New and Used Car Talk Reviews Hot Cars Comparison Automotive Community

The Largest Car Forum in the Philippines



Results 1 to 6 of 6
  1. Join Date
    Jun 2006
    Posts
    2,605
    #1
    What's the difference between the three? What are the advantages and disadvatages of each system? Any additional maintenance issues with them and should you have dfferent driving styles?

    So far I know that RWD has a prop and differential and that its the rear wheels that are powered. Don't know the purpose of the prop and differential. I also know that AWD acts like a 4x4, distributes power to all 4 wheels, when the wheel sensors detect slipping. Don't know if its the front or rear wheels that is powered the rest of the time. Lastly, I kow that with FWD, the front wheels get power directly from the engine.
    Last edited by userfriendly; November 20th, 2006 at 08:41 PM.

  2. Join Date
    Aug 2005
    Posts
    1,620
    #2

  3. Join Date
    Jun 2006
    Posts
    2,605
    #3
    ok thanks. I actually found another thread that answers most of my questions.

    What about maintenance issues? Do RWD and AWD have additional maintenace requirements?

  4. Join Date
    Oct 2002
    Posts
    4,614
    #4
    in a nutshell, AWD will not offer any additional performance over RWD on a dry road, although if the car is very powerful, AWD can make it easier to drive because it controls wheelspin. otherwise, the added weight and driveline drag of AWD is a liability on dry roads compared to RWD.

    FWD is the most dynamically challenged of the three because the grip of the front tires has to be split between acceleration and steering (in heavy acceleration, there's little grip available for steering, hence understeer), and torque steer can be a problem for powerful front-drivers. However, it has big advantages in vehicle packaging (greater interior room, trunk space, etc.), which makes it ideal for mass-market transportation. Also, because a majority of the car's weight is on the drive/steer wheels, FWD is more suitable for snow compared to RWD.

    RWD is the enthusiast's choice because it's the most balanced handler of the lot (theoretically).

    In the wet and in other reduced-traction settings, AWD is gold.

  5. Join Date
    Jul 2006
    Posts
    3,601
    #5
    There's also the other perspective of engine placement...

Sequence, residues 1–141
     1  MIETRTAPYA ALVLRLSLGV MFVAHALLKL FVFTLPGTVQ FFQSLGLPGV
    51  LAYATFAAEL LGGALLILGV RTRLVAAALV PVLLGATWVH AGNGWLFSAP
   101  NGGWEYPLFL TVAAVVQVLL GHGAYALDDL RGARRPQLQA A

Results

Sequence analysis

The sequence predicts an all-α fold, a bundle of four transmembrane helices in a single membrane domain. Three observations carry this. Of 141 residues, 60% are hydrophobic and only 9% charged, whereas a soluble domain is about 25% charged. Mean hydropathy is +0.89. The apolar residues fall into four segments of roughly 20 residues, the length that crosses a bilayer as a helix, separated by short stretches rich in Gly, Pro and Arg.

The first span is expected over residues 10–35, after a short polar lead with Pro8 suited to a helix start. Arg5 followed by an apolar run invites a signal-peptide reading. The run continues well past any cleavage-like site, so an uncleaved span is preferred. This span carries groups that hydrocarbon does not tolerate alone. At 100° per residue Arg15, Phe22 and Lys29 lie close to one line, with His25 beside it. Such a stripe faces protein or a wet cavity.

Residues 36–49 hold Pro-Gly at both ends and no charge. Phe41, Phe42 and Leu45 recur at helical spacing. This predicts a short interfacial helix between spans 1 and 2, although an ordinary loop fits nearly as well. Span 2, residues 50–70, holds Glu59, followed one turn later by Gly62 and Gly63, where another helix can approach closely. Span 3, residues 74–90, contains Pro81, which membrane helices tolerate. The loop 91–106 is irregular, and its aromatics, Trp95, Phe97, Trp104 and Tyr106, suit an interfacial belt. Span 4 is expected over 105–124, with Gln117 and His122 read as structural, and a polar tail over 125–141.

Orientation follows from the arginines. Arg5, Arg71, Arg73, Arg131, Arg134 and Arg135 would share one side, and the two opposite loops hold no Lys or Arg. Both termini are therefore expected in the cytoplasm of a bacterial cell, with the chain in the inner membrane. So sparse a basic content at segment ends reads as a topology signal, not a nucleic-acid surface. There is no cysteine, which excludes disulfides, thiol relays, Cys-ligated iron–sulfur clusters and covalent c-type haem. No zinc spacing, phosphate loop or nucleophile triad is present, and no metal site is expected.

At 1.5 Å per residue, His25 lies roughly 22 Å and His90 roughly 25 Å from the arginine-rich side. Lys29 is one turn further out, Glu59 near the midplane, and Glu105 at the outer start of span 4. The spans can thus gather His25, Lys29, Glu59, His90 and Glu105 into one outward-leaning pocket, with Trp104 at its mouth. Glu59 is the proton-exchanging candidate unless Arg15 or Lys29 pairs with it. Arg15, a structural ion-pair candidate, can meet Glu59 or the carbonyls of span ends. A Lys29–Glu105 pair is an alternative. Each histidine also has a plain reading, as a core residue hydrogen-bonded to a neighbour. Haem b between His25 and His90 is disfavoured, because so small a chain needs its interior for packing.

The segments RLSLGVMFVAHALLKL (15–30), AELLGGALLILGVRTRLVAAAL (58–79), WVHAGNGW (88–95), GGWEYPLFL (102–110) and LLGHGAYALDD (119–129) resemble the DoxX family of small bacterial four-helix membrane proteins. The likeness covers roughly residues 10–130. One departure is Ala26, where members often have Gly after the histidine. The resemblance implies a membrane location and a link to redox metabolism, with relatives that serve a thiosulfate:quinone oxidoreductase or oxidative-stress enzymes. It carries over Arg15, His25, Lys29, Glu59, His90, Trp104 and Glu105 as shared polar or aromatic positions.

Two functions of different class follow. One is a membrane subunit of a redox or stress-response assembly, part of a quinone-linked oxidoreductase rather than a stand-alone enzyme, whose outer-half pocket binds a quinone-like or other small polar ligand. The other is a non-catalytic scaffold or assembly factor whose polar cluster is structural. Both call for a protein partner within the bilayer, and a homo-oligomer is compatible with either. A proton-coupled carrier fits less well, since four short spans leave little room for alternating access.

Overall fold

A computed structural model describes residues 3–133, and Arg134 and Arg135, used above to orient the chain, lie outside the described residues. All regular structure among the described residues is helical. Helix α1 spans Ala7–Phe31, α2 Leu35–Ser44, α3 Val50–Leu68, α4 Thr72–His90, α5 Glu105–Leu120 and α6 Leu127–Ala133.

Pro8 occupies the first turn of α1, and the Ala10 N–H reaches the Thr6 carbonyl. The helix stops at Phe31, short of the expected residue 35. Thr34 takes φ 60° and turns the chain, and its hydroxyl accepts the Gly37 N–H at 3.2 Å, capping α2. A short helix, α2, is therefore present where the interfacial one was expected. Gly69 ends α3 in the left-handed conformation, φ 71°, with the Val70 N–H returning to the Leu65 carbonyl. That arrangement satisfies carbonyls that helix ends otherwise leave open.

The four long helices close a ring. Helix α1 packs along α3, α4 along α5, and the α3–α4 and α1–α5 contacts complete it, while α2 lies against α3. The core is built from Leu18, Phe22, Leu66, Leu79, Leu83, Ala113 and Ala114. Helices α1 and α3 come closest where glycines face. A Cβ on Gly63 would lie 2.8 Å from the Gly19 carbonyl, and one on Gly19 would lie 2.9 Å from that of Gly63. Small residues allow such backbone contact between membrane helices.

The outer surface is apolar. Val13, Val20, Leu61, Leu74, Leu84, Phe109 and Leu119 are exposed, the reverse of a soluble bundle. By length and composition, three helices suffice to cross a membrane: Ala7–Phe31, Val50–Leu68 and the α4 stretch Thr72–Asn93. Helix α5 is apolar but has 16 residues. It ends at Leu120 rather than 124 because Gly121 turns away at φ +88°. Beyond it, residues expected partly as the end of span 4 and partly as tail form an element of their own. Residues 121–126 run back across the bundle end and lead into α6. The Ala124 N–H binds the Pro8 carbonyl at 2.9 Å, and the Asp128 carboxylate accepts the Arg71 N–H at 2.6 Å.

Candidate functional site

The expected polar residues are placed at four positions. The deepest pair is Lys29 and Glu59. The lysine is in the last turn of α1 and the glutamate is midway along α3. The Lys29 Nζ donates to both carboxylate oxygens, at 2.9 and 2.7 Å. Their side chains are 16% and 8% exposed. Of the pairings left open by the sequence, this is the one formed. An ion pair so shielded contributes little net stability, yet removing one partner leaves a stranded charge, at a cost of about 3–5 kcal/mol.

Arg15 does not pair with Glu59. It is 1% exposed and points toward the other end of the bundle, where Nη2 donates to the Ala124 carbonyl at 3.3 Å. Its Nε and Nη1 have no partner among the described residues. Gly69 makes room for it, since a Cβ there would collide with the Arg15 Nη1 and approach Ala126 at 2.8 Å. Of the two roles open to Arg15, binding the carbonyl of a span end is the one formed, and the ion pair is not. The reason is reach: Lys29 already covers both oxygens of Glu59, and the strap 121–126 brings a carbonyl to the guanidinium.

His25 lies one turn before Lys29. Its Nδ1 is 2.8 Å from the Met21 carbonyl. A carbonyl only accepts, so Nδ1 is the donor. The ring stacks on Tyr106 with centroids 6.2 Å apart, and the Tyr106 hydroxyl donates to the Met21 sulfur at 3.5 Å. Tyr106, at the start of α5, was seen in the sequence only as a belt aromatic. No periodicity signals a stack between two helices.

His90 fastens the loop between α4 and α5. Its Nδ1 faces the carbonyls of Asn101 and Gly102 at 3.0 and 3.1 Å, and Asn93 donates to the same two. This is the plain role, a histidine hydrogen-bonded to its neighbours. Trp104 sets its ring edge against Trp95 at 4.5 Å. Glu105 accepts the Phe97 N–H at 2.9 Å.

FF, front engine, FWD (Jap/Econocars)
    FR, front engine, RWD (Most MB and BMW)
    F4, front engine, 4WD (Evo, Impreza)
    MR, mid engine, RWD (MR2, Enzo, Pagani Zonda)
    M4, mid engine, 4WD (Murcielago)
    RR, rear engine, RWD (Porsche 911)
    R4, rear engine, 4WD (Porsche GT2?)
    Last edited by mbeige; November 21st, 2006 at 11:05 AM.

  6. Join Date
    Aug 2004
    Posts
    22,710
    #6
    Quote Originally Posted by mbt View Post
    in a nutshell, AWD will not offer any additional performance over RWD on a dry road, although if the car is very powerful, AWD can make it easier to drive because it controls wheelspin. otherwise, the added weight and driveline drag of AWD is a liability on dry roads compared to RWD.

    FWD is the most dynamically challenged of the three because the grip of the front tires has to be split between acceleration and steering (in heavy acceleration, there's little grip available for steering, hence understeer), and torque steer can be a problem for powerful front-drivers. However, it has big advantages in vehicle packaging (greater interior room, trunk space, etc.), which makes it ideal for mass-market transportation. Also, because a majority of the car's weight is on the drive/steer wheels, FWD is more suitable for snow compared to RWD.

    RWD is the enthusiast's choice because it's the most balanced handler of the lot (theoretically).

    In the wet and in other reduced-traction settings, AWD is gold.

    Hehe... but like mbeige says, there's the perspective of engine placement to consider...

    Traditional Front-engined, Rear-wheel-drive cars are a poor choice for snow, but Rear-engined Rear-wheel-drive cars actually have very good snow traction... of course, functionally, they're a handful unless tuned very well.

    RE: reduced traction settings... that's almost any road on the world, compared to a racetrack... which is why Evos and Subarus have a reputation as "supercar-killers", because on bumpy, dusty, rutted and unpredictable roads, many mid-engined rear-wheel-drive cars are a handful.

    Ang pagbalik ng comeback...

fwd vs rwd vs awd